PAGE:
Panglao is packed with at least a dozen white-sand beaches to choose from. There a handful of them with beautiful palm trees, clean sand and crystal clear beaches, specially if they are maintained by resorts or hotels. In this category, Dumaluan Beach was my favorite.
But to be completely honest, I was expecting more from the beaches in Panglao. My biggest disappointment was the infamous Alona Beach. What once was a tropical paradise, now it’s a dirty overcrowded beach, full of restaurants, bars and dodgy stalls oriented for mass tourism.
I’ve toured across other beaches and whether was the trash, the algae or the total absence of sand to lay in, they all seemed they needed some kind of maintenance.
Beaches in Panglao and Bohol
- Alona Beach: don’t matter what Google images tell you, skip it. What it used to be a picture-perfect beach in Panglao, today is a mega-touristy and rather depressing stretch of sand full of boats, trash and restaurants.
- Anda Beach: unspoiled stretches of sand in the southeast tip of Bohol. A great choice if you’re looking for the off the beaten track.
- White Beach: packed at first, but pretty secluded after a 10-minute walk. I still found some plastic and trash on the sand, but nothing dramatic.
- Dumaluan Beach: awesome. You need to pay an entrance fee to the STUNNING Bohol Beach Club, but it’s worth it. This the kind of beach you see in travel magazines.
- Doljo Beach: the scenery here is stunning. The sand is so white it creates a natural mirror during low-tide. Lots of starfish. I didn’t find it amazing for swimming though.
- San Isidro Beach: super disappointed with the level of trash and low level of sand. The way I’d describe it: a dirty rocky bay.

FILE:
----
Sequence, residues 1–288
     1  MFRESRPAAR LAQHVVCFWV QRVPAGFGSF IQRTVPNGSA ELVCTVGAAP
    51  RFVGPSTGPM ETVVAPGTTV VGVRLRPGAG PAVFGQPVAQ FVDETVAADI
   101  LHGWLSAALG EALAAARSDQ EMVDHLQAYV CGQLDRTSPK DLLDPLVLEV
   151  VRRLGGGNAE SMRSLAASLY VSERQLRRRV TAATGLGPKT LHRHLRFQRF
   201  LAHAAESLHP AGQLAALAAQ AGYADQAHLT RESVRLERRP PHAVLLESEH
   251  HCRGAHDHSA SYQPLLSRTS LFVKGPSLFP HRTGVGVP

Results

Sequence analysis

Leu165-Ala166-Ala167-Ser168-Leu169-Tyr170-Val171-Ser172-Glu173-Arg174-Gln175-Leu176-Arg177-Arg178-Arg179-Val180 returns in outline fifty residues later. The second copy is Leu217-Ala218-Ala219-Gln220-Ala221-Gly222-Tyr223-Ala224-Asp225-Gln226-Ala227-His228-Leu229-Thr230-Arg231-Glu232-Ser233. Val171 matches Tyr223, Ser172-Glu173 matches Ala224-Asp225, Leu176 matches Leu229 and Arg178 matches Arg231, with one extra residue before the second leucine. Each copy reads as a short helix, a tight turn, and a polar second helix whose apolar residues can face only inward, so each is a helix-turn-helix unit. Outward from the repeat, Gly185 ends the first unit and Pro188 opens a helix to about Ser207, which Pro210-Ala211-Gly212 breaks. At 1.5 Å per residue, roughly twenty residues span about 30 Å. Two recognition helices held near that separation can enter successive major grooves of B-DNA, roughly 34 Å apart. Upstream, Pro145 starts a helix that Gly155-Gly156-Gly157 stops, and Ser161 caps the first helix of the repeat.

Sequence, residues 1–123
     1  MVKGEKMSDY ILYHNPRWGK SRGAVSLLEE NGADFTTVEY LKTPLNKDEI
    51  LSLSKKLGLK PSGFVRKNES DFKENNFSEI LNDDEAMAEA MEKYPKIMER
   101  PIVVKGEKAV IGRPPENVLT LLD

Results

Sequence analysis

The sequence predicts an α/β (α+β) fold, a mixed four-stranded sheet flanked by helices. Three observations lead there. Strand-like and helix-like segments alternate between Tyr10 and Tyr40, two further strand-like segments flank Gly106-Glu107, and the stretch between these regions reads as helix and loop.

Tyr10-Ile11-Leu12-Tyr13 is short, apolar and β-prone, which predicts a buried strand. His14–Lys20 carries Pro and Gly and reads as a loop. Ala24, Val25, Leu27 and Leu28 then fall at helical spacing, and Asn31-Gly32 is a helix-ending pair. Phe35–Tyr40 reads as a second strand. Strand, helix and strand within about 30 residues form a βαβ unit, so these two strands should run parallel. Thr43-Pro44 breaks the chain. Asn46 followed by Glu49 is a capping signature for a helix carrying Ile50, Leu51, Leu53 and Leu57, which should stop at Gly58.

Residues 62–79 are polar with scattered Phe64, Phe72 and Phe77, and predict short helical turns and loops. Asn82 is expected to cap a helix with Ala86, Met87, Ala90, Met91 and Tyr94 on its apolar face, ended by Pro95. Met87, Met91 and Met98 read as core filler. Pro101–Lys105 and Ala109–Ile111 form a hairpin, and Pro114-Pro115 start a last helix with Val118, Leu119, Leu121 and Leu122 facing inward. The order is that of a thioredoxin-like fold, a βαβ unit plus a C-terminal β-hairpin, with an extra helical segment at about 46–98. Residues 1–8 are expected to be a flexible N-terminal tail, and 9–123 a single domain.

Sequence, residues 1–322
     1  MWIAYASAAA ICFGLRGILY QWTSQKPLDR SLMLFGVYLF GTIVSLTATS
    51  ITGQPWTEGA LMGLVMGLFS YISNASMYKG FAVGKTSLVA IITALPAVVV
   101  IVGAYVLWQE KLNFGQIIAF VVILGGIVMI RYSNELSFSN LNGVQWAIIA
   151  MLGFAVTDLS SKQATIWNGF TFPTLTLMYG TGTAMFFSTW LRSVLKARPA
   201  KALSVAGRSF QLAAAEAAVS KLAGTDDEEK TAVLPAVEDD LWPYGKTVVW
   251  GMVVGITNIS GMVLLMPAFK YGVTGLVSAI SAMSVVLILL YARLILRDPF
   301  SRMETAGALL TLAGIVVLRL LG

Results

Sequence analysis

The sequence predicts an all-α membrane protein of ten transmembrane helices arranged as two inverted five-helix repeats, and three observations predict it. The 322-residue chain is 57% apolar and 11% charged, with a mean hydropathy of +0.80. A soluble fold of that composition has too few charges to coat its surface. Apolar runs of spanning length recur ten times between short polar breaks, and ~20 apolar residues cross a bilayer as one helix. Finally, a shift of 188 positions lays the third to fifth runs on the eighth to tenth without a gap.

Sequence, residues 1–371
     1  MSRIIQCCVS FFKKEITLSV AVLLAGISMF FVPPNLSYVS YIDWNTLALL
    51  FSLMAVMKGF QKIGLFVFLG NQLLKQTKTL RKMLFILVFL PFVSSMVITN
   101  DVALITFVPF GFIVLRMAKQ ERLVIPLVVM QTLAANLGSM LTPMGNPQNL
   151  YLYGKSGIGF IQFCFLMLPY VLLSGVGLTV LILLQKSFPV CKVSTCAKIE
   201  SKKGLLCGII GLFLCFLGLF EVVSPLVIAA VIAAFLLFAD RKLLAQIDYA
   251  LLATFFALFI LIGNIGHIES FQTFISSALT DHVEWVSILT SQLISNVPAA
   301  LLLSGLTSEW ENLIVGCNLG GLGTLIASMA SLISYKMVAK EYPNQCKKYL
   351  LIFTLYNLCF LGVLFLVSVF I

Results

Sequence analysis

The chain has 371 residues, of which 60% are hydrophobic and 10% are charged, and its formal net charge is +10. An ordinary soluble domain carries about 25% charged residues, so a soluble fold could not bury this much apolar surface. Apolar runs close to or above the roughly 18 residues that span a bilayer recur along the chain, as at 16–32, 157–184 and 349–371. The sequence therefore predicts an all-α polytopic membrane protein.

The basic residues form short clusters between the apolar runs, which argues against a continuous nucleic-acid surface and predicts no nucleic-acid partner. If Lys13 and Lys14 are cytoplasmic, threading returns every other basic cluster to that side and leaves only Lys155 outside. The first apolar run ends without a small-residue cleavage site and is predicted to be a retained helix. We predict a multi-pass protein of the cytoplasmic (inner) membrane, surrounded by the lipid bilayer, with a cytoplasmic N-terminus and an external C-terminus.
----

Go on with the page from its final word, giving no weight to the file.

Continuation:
- Danao Beach: another one not inviting enough to lay around for long.
Also read my 7 experiences not to miss in Bohol and Panglao.
Itinerary in Bohol
Find below a suggested itinerary to explore Bohol and Panglao. I’ve created a list of sights up until 5 full days available in Bohol. I’d say 2 full days is the very minimum to have a well-rounded experience of the island.
This is in order. For instance, if you only have 3 days available in the island, my suggestion is that you do the things on first 3 rows.
|Days||What to see|
|1||- Chocolate Hills
- Tarsier Sanctuary
- Man-Made Forest
|2||- Dumaluan Beach
- Bohol Bee Farm
- White Beach
|3||- Loboc River Cruise
- Hanging Bridge
- Baclayon Church
- Mag-aso Falls
|4||- Balicasag Island
- Doljo Beach
- Hinagndanan Cave
|5||- Anda Beach
- Cabagnow Cave Pool
- Candijay Rice Terraces
Where to stay in Bohol
My first suggestion is to skip beach-front accommodation in Alona Beach. Firstly, all the prices are inflated. And then from what I’ve seen I can hardly call it a “beach” anymore.
Basing yourself in Panglao is a good idea, specially if you’re looking for some beach-bum time. But instead, base yourself near Alona Beach. If your budget allows, don’t even think twice. Stay in Bohol Beach Club:
I understand if you can’t spend that much. Here’s another suggestion of good value:
Find your accommodation in Bohol
If you want to find your own hotel, start with this shortlist of the top-rated hotels and resorts in Bohol, with WiFi and breakfast included.
You might want to also have a look at the hotel listing of Agoda. In Asia, their database is often larger and sometimes with better deals than Booking. Give it a try it now:
Where to eat in Bohol
Compared to other places in Southeast Asia like in Vietnam, the food in Philippines can be somewhat disappointing. Or maybe I was biased because I came to the Philippines coming from Ninh Binh in Vietnam which has some of the most delicious food I’ve tasted!
The most famous dessert in the Philippines is the halo-halo a rather odd and indulging mix of shaved ice, jelly, sweet beans, coconut and fruits.
Bohol Bee Farm Restaurant
This restaurant in Panglao is part of a hotel with the same name and serves healthy, organic food. The ingredients come from the owner’s farm and the view of the sea brings up the experience by a notch. They also have a smaller café right in Alona Beach where I went religiously every evening for their organic ice creams.
Bohol Bee Farm Restaurant
Dao, Dauis, Panglao Island, 6339
Located in Tagbilaran, this family-owned restaurant serves unpretentious, delicious and inexpensive food. Good for trying local flavors. Try the buttered chicken, actually served on butter!
30 J. S. Torralba Street, Tagbilaran City 6300